- Meeting abstract
- Open Access
Fixing fractures of the ulnar styloid in distal radius fractures
- Marcos Sanmartin Fernandez1
© Fernandez; licensee BioMed Central Ltd. 2015
- Published: 19 May 2015
- Distal Radius Fracture
- Acute Setting
- Fracture Stabilization
- Ulnar Styloid
The majority of distal radius fractures are associated with an ulnar styloid fracture [1–3]. There is solid evidence in the literature that this association may ultimately affect the clinical outcome causing instability, disability, and pain in the distal radioulnar joint (DRUJ) [2, 4–7]. The main reasons for the worse outcome are: (1) DRUJ instability, (2) impingement with the triquetrum, and (3) Extensor Carpi Ulnaris (ECU) tenosynovitis.
Because of its close association with the Triangular Fibrocartilage Complex (TFCC), fractures of the ulnar styloid might indicate possible TFCC disruption with subsequent DRUJ instability [4, 8, 9]. Studies on the clinical relevance of ulnar styloid fractures have produced conflicting results. However, when considering size and displacement of the fracture, May et al  found that, after distal radius fracture stabilization, a fracture through the base of the ulnar styloid that involves most part of the TFCC attachment and stays in a deviated more radial position (2 mm or more) indicates DRUJ instability. In an ulnar styloid fracture model, Shaw et al  found that K-wire fixation of the ulnar styloid fracture restored stability to the DRUJ regardless the integrity of other supporting structures.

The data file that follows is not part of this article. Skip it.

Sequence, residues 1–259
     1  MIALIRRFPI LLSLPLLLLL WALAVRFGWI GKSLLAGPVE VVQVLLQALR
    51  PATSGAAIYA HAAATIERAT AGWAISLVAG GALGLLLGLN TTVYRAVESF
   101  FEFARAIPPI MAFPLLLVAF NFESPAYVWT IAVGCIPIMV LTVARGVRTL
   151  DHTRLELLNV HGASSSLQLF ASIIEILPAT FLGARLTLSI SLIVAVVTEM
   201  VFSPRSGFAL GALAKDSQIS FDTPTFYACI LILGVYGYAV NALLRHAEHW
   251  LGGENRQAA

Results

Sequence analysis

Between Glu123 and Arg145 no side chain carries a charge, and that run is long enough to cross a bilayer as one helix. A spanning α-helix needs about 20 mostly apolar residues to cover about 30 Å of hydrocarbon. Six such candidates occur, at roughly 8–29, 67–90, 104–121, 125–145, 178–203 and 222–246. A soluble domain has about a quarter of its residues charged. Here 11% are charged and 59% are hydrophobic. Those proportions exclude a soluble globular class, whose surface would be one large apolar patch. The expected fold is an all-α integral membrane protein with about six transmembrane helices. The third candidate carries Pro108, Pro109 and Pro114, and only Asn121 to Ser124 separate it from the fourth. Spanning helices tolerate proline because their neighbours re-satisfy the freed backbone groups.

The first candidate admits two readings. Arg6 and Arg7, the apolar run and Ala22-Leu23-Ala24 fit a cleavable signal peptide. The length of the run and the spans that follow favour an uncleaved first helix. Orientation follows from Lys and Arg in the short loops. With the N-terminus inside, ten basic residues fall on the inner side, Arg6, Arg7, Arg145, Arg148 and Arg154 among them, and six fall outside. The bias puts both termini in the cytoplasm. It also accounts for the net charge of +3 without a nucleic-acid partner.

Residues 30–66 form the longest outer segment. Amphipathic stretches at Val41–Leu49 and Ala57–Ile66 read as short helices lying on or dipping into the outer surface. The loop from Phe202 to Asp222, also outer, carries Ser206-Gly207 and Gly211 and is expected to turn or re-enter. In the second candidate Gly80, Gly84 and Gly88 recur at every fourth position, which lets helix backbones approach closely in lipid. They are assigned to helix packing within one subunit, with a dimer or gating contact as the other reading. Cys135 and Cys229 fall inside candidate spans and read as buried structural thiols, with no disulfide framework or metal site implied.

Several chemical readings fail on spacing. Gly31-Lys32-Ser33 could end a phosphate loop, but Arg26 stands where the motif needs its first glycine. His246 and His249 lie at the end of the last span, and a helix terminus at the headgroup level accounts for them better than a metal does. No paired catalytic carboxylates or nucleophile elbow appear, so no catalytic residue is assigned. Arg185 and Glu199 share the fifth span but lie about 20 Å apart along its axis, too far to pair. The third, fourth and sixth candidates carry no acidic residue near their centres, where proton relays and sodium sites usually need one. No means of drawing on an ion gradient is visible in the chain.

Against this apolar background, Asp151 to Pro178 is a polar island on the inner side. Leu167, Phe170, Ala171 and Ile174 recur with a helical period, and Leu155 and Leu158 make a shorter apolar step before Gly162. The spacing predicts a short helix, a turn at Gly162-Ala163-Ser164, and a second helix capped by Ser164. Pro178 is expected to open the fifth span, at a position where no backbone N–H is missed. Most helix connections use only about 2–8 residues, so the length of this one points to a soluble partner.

Bone fragments resulting from non-union could also provoke irritation and pain [5, 10] due to impingement with the triquetrum . Twenty-six percent of ulnar styloid fractures develop non-union . From those, just a few becomes symptomatic . If the DRUJ is stable, simple removal of the fragment usually solves the problem [5, 11]. Extensor carpi ulnaris tendon impingement caused by malalignment of a fibrous nonunion may also be responsible for a poor clinical outcome. [13, 14]. This condition is rarely found after a distal radius fracture and it is successfully treated with excision of the bony prominence and reconstruction of the floor of the sixth compartment. Hence, fixation of a small sized ulnar styloid in the acute setting of a distal radius fracture is probably unnecessary.
As the results of treatment of chronic instability of DRUJ following a distal radius fracture are more unpredictable , it is advisable to take all measures in the acute setting to prevent this complication. Therefore, fixation of the ulnar styloid is indicated when there are large sized fragments that persist deviated after stabilization of the radius or when the distal radioulnar joint is grossly unstable. Immobilization with a sugar tong splint for four weeks or until proper healing is necessary when the surgeon chooses not to fix a reduced ulnar styloid large fragment that is acceptably reduced.
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